(Mannn I wish I had a better title for this. The point of it, though, is that I’m trying to define an internal concept, so I guess of course naming is hard.)
There are a lot of voices in anyone’s head. (talking non-schizophrenic, not-actual-voices “voices” here.) This is obvious when you do something as simple as decide whether to eat a cake: “I want to eat it, but I also don’t want to feel too full later or gain weight.” There’s a real powerful voice that gets a lot of airtime in my head. Let’s call it “logical mind” for now (though I might actually just mean “ego” or Kahneman’s “System 2”, not sure).
Here are some characteristics of Logical Mind:
- it’s always looking for problems to solve, and solving them.
- it loves quick answers; it’s not patient.
- it really dislikes things it can’t solve.
- it loves saying no and reducing things to a size it can think about
- it loves not having to think about things.
- it’s defensive, and hates possibly being wrong.
- it’s judgmental and snobby.
(These might not be totally independent vectors. Probably if you dimensionality-reduced it, you’d end up with 3 main dimensions: 1. knowing what you can do with computers, but 2. not having much RAM or processing power; 3. hating being wrong.)
Logical Mind seems like a fine tool to have, a fine voice. But it’s troublesome when it runs the whole show all the time. Here are some times it is troublesome:
1. when I don’t have anything to do on a weekend, so I just clean stuff up for a while, and then invent more problems to “solve”, and then end up mad that I wasted a whole day doing nothing
2. when I have a big mood, but I can’t figure it out, so I just distract myself for a while; meanwhile the emotion sits there unprocessed and still messing with me
3. when I notice someone’s (perhaps my own!) complex emotional issue, and decide “I know the answer, it’s simple, so I should not bother being compassionate with them.”
4. when I don’t have a super well-formed opinion on something, so I default to “it’s bad” to protect myself from being wrong.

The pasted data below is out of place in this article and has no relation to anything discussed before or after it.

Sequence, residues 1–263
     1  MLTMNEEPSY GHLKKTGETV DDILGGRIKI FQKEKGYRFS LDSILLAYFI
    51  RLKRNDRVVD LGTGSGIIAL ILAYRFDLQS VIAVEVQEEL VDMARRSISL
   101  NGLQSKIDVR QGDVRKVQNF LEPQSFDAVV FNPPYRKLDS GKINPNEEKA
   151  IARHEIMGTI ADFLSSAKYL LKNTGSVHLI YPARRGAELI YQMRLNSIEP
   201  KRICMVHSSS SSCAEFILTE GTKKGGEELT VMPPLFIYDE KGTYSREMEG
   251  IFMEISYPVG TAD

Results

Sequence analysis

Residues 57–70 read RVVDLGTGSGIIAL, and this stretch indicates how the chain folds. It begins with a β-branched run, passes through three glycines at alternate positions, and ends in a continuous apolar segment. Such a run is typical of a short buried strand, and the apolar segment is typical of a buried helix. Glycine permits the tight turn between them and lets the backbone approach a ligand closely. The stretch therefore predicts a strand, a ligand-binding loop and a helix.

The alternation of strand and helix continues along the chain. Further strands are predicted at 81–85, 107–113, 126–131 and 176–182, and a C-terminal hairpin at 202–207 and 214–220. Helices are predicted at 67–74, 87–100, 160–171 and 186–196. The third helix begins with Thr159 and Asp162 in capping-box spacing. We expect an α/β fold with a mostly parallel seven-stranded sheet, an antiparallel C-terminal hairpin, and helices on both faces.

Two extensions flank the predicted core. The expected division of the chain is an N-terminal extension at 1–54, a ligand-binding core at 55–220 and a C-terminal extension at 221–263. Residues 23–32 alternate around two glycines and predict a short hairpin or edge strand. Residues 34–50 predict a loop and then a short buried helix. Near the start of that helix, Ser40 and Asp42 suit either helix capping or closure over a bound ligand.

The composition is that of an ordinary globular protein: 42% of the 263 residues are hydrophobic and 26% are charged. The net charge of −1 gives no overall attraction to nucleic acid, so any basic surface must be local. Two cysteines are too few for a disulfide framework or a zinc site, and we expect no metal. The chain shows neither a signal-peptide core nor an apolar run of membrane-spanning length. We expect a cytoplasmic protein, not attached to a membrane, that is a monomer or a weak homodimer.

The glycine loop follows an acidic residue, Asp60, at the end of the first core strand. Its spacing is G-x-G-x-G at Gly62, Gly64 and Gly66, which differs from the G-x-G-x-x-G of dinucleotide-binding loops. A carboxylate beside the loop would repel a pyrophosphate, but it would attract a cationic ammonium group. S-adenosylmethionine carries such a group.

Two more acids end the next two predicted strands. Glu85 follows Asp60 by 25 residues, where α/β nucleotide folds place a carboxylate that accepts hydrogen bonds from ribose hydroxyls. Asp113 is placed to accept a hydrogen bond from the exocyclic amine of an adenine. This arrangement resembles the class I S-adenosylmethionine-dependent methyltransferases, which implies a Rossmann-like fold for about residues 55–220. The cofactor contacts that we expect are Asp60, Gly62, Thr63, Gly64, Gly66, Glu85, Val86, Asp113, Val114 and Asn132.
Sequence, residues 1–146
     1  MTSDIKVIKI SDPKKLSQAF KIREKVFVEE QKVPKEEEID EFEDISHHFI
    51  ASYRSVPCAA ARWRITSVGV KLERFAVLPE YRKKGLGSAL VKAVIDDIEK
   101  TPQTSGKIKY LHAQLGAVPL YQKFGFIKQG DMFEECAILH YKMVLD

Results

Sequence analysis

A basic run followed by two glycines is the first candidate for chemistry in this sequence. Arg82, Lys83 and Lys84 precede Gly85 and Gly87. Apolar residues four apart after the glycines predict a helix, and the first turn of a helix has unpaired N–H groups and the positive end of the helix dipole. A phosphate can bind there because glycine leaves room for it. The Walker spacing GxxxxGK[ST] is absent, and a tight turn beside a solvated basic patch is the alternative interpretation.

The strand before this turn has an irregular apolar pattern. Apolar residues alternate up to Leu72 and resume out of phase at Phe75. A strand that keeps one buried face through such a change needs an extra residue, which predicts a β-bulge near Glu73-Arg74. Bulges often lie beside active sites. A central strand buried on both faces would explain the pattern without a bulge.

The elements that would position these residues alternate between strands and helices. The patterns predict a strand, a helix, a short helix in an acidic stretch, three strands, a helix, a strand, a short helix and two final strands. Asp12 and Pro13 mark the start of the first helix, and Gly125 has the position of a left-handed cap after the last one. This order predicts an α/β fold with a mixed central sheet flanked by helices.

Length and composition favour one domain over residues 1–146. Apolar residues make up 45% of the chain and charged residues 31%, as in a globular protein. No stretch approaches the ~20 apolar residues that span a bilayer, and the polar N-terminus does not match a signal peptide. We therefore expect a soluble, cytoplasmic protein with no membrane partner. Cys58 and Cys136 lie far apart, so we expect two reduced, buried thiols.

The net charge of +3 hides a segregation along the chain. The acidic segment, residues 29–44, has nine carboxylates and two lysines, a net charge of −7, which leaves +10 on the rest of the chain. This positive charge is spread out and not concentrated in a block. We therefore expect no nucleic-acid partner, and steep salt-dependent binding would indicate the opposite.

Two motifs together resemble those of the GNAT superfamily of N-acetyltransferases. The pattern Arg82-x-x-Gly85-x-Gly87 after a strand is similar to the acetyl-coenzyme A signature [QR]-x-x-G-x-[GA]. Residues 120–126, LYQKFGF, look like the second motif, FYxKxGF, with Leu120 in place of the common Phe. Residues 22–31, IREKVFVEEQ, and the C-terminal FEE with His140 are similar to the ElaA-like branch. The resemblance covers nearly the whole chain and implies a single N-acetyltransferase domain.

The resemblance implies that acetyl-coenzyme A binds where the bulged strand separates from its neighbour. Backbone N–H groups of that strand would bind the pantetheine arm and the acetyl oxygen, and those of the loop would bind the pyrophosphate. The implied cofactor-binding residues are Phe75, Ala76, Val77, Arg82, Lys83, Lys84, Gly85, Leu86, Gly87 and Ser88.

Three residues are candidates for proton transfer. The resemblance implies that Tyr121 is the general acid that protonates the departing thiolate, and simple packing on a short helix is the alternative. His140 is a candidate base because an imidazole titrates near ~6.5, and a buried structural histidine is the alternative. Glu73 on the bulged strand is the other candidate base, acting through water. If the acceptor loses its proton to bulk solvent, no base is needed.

5. when I start trying to learn something, find it difficult, and then quit, because in theory it should be way easier.
6. when I think about doing a potentially-fun thing that requires some work to do, and I decide, well… fun thing requires maybe -10 amount of work, and somewhere between I dunno +0 and +30 amount of fun, that’s too hard to evaluate, I will not do it.
7. when I’m on vacation or something and I can’t just sit still and stop trying to find or solve problems.
8. when I’ve got some mild discomfort, but I have to fix it, I can’t just let it be.
9. when I am debating something that I’ve already figured out, and I can’t tolerate the complexity of the debate because I am Right, dammit
10. when someone does something wrong, and I think “this absolute horrible human, how could they possibly have gotten it wrong, it is so obvious and unquestionable that I am right here.”
It is hard to listen to Logical Mind all the time, mostly because it continually points out what is wrong, and therefore focuses you on it. When Logical Mind is in charge, there isn’t even a concept of “enjoyment” or “meaning” or “wonder” or “joy”, there’s just “things are broken and I feel bad” or “nothing seems to be broken right now so I don’t feel so bad.” It would be nice, I think, if Logical Mind were a bit player I could pull out when I wanted, instead of the captain who’s usually steering the ship. So, that is a thing I’m trying to work on.
edit: this very appropriate comic just happened to come up today
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